Emergency Situation

MERI training scenario prepares medical personnel for disasters

By Aisling Maki

In a dimly lit building, surrounded by emergency sirens and the loud hum of a waiting military transport aircraft, Memphis medical personnel adjusted their headlamps and checked their radios before navigating through the post-earthquake rubble to prepare their patients for evacuation.

Emergency personnel train for a mass casualty situation at MERI on Wednesday using medical personnel, military and civilians. Participants learned using real cadavers and simulated live disaster areas. 
(Photo: Lance Murphey)

It was the final simulated scenario in a two-day Civilian Aeromedical Evacuation Sustainment Training that took place at the nonprofit Medical Education & Research Institute (MERI) at 44 S. Cleveland St. in the Memphis Medical District.

It was the kickoff to a series of seven such trainings – funded by a grant from the U.S. Department of Defense – scheduled to take place between January and April.

MERI has collaborated with the University of Memphis and Wright State University National Center in Dayton, Ohio, to develop a training program to ensure effective interface between civilian and military medical personnel in the event of a disaster requiring aeromedical evacuation.

“We’re all trying to get on the same page, so that in the event of a true disaster, we can work together effectively,” said registered nurse Brenda Belk, MERI’s simulation training manager. “The military speaks their own kind of language, so when you’re handing off a patient you need to know how to give a report as to what the status of your patient is. A lot of this training, too, is about medical evacuation, so there are things you have to consider as you’re preparing your patient to be evacuated.”

The preparedness trainings are open to all types of clinical staff, including physicians, physicians’ assistants, nurses, paramedics and emergency medical technicians.

“Anyone you can think of who would have to interact in a disaster situation – all those different types of allied medical field personnel can come and participate,” Belk said.

After learning transport techniques and military terminology Tuesday, Dec. 6, trainees spent the first part of Wednesday, Dec. 7, working with donor cadavers in an anatomy procedure lab, where they studied techniques such as intubation and the use of intraosseous lines, used in emergency situations when intravenous access is difficult.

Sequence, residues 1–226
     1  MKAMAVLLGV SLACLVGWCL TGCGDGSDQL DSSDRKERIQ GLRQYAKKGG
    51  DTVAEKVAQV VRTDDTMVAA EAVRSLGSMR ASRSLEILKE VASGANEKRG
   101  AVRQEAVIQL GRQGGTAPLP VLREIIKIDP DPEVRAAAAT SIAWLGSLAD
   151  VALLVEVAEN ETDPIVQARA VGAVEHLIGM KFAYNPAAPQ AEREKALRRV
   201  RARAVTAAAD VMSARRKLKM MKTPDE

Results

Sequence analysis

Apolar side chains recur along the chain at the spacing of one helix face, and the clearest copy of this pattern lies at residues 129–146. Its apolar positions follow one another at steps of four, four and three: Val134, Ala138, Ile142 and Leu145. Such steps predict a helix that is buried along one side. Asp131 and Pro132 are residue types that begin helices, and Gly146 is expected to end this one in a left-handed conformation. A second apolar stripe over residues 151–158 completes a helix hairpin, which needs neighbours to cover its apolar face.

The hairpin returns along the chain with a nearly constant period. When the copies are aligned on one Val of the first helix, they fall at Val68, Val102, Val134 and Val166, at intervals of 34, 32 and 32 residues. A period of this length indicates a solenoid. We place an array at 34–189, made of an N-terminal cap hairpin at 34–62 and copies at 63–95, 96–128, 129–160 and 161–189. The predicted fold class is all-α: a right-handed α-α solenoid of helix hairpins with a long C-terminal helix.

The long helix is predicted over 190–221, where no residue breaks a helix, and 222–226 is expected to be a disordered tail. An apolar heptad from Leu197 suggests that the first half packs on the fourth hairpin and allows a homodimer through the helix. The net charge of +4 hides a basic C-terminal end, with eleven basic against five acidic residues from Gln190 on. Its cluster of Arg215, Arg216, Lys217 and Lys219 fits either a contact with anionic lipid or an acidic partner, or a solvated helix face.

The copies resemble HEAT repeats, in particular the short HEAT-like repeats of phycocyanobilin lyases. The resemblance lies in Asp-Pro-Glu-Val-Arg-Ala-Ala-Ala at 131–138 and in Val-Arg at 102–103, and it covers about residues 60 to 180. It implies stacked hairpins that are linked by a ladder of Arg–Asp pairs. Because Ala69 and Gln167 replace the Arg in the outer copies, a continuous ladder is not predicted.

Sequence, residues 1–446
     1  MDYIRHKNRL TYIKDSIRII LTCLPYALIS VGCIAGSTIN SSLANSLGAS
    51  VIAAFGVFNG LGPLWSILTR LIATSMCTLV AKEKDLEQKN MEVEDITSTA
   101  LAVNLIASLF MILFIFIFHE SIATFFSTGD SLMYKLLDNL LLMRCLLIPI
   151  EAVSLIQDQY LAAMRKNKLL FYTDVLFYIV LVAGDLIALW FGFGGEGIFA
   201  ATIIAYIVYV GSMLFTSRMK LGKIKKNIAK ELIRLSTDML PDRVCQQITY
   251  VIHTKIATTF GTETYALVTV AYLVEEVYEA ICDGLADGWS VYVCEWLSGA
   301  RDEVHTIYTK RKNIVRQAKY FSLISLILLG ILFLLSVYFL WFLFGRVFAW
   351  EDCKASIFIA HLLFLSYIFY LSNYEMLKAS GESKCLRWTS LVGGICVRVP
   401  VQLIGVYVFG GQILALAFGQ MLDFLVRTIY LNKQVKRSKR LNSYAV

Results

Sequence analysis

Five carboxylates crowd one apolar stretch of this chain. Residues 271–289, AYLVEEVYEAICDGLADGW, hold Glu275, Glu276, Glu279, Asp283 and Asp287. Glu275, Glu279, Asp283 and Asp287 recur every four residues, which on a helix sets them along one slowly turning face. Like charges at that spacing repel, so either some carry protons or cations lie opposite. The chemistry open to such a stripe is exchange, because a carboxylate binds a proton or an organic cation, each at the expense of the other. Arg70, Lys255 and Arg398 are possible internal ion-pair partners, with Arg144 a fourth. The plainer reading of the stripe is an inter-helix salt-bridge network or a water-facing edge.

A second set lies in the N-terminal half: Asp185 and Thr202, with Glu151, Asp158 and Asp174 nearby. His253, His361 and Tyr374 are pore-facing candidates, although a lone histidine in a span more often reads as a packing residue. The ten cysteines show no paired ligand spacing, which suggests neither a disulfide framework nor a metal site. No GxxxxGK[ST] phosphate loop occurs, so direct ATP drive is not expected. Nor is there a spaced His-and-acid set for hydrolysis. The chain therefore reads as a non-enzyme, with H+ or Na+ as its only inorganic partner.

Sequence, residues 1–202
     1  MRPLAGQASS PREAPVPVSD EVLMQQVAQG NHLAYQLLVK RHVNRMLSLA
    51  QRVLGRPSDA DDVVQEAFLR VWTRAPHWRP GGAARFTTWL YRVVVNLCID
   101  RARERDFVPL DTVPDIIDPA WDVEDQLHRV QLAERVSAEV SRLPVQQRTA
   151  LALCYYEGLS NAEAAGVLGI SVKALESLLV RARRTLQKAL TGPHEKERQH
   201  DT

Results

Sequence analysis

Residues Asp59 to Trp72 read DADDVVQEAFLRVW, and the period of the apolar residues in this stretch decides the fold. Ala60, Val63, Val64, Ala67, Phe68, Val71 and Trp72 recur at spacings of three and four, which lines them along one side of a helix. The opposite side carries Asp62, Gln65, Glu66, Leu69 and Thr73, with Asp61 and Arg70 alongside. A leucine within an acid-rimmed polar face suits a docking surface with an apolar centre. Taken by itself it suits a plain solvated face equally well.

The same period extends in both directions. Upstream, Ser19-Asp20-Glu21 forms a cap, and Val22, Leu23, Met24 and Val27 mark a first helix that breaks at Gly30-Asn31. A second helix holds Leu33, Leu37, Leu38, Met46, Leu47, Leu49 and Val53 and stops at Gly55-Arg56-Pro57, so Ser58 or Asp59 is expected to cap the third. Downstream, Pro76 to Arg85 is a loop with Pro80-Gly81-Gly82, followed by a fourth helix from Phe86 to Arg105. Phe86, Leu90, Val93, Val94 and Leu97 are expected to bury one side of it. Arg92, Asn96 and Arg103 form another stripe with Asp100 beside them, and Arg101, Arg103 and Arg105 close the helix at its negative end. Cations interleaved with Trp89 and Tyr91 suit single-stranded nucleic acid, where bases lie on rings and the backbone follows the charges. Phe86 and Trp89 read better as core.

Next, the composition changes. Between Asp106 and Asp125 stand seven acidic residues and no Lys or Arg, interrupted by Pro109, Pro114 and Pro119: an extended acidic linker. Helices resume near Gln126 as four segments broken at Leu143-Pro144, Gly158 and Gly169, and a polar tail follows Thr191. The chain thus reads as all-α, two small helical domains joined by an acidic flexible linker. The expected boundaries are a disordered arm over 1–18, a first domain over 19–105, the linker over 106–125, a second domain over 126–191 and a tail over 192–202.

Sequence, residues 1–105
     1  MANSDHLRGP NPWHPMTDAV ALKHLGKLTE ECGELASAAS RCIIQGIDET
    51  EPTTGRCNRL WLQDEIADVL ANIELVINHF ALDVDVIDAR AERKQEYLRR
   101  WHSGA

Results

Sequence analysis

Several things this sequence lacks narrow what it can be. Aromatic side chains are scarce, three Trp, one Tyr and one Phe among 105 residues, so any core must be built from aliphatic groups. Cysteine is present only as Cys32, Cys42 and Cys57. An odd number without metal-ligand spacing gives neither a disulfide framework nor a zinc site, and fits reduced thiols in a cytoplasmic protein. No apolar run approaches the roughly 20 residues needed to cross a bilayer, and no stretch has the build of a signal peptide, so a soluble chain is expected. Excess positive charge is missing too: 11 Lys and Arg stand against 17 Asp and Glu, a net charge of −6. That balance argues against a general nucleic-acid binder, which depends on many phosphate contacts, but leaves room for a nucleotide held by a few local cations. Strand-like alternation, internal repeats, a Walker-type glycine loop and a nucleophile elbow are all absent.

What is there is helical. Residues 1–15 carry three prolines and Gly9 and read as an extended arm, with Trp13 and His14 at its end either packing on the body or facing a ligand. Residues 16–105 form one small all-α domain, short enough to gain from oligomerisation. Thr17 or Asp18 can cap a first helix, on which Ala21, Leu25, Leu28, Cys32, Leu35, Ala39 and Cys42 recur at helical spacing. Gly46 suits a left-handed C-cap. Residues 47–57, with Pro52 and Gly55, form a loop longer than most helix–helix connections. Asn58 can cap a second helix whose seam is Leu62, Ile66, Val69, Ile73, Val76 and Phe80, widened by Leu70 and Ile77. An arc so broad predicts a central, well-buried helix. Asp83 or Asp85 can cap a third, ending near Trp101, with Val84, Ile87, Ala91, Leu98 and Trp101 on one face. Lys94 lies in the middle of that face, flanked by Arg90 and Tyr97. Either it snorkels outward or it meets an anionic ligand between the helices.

The latter part of the morning was spent evacuating high-fidelity patient simulation mannequins across the street in another MERI property, set up as a simulated hospital with an emergency room, medical surgical unit and intensive care unit.

The ICU had been manipulated to appear as if it had been badly damaged in an earthquake, complete with smashed computers on the floor and wires and insulation hanging from the ceiling. Lighting was sparse and sporadic, with the premise being the unstable hospital was running on a generator.

“We chose an earthquake because that would be the most likely thing to happen in Memphis, of the things that could happen,” said Diana Kelly, MERI’s manager of institutional development. “And if it were a bombing or another kind of emergency, the end result would be the same.”

A significant portion of the training involved teaching civilian medical personnel how to determine whether a patient is stable enough to fly at high altitudes and how to prepare patients in varying conditions for transport to other regional medical facilities.

Many civilian medical personnel, especially those who work in office practice environments, are not trained in regards to what type of equipment can be used at high altitudes, as in an airplane or helicopter.

Col. Cassandra Howard, a flight surgeon, medical route commander and commander of medical forces for the Tennessee Air National Guard in Memphis, said it’s vital to “train civilian providers or nurses to be sensitive or at least be aware of air-related problems.”

“We’re trying to inject a little challenge there, where they’re trying to hand off patients to us,” said Howard, also an emergency room physician at Methodist Le Bonheur Germantown Hospital. “Also very important are the key clinical issues when you aeromedically evacuate a patient and add altitude to the situation. There are key concerns, such as the way you would manage a cast or a patient that’s intubated on life support. There are some things that need to be done on the ground before patients are presented to us for flight.”

The hope is that the Memphis training, which was filmed, can be used as a model that can be replicated in cities around the country to improve disaster-time communications between civilian and military medical personnel.